I love throwing dinner parties, but they can get expensive.
WASHINGTON — I love throwing dinner parties, but they can get expensive. However, it is possible to put out a fantastic spread without compromising your budget. Christina Davidson, convinced me of that. She and a small group of friends in D.C. have dubbed themselves "frugalicious foodies" because they manage to throw dinner parties on a shoestring budget. Her parties have become so popular that she started a blog called Feedthemasses.org, a how-to-guide on inexpensive dinners.
Here's their secret, which they have agreed to share with everyone: They don't have recipes. They have principles. Here are a few of them:
Burn Your Cookbooks: Don't look at a recipe and create a shopping list of items you won't use again. There's probably a lot you can do with what you already have in your fridge. Or with what you can get on sale at your local grocery store. "Mario Batali doesn't know what's on sale at your grocery store this week," Christina said.
Stock Your Kitchen: Keep your basic cooking supplies around: Olive oil, vegetable oil, balsamic vinegar, lemon juice, soy sauce, honey, flour, brown sugar, corn starch, baking soda and powder, and yeast. Also have eggs, canned tomatoes, frozen vegetables, garlic, olives, dried fruit, nuts, beans, pasta and rice. You can get a lot of these supplies for much less at ethnic grocery stores. A tiny bottle of curry powder that is $4 at the supermarket is $6.99 a pound at the Indian grocery store. Pick up some pine nuts and chili paste at the Korean market, some chorizo at the Mexican bodega, and some goat from the Pakistani halal butcher.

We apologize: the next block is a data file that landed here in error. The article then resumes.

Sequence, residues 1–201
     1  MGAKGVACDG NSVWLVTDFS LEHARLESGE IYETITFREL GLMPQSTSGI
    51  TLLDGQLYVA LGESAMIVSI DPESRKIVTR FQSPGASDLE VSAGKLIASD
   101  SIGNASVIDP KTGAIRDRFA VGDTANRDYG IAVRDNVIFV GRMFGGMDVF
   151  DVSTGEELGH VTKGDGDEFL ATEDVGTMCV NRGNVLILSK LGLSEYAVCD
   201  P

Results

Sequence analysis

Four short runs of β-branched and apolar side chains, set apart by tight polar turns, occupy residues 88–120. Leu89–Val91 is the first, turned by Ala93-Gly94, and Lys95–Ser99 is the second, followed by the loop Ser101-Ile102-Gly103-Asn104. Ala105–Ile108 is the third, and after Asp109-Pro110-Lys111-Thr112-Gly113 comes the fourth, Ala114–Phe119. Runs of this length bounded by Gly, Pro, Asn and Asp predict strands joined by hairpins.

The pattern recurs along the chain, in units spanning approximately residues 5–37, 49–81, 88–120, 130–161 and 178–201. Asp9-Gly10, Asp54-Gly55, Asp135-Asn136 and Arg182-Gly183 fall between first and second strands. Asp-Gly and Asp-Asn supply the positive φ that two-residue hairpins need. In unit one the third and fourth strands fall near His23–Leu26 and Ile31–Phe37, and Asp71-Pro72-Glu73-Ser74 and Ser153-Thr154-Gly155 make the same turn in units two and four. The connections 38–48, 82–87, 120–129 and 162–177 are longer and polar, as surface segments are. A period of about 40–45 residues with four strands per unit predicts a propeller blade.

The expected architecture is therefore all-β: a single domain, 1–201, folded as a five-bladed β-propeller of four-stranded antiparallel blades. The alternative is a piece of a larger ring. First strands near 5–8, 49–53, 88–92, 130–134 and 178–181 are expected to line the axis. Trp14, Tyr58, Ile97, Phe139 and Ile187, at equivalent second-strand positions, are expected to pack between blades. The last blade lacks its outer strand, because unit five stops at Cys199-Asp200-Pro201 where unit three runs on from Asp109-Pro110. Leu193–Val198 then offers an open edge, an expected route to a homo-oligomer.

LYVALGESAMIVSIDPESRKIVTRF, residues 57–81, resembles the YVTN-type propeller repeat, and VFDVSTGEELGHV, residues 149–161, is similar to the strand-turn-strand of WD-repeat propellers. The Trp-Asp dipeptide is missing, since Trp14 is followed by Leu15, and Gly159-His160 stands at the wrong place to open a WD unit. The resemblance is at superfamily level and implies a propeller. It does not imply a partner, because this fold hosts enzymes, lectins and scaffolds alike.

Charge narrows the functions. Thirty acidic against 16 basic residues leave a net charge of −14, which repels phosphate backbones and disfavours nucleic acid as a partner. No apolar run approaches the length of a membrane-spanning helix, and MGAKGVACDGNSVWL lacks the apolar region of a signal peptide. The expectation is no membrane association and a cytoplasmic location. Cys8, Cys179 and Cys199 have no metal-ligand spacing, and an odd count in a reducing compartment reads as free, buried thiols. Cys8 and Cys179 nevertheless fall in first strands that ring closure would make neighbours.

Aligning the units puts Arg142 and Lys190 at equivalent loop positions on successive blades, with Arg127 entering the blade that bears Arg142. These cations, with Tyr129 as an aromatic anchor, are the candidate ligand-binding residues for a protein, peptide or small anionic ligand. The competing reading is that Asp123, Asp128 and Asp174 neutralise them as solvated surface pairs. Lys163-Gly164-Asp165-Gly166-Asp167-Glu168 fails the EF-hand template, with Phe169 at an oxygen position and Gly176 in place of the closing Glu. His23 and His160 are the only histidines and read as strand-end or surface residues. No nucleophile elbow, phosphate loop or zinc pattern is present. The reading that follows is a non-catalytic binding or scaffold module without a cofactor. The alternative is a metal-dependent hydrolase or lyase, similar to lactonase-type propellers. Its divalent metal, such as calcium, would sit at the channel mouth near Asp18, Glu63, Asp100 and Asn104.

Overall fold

Stop Wasting Good Food: Christina threw a party on Election night 2008. One of the desserts she served was banana bread, which she made with overly ripe bananas she had lying around her kitchen. "Never waste bananas," Christina told me. Remember, she said, you can freeze food. "Peel, chop, grate, or dice into a convenient form, stick in a bag and toss in the freezer," Christina wrote on her blog. "Then you'll have frozen fruit anytime you want a smoothie, sliced peaches for cobbler, apples for pie. When you want to make zucchini fritters later, you'll have grated zucchini ready to go."
Grow and Make Your Own: Save the bones and make your own chicken or beef stock, which generally costs $3 for 32 ounces. Christina said she makes a 10-quart pot of stock for less than $3 in ingredients. Even though she lives in a small apartment in D.C., she grows her own herbs outside her windowsill. She also makes her own salad dressings, marinades, hummus and a variety of sauces. "You just have to use a little creativity and imagination," she said.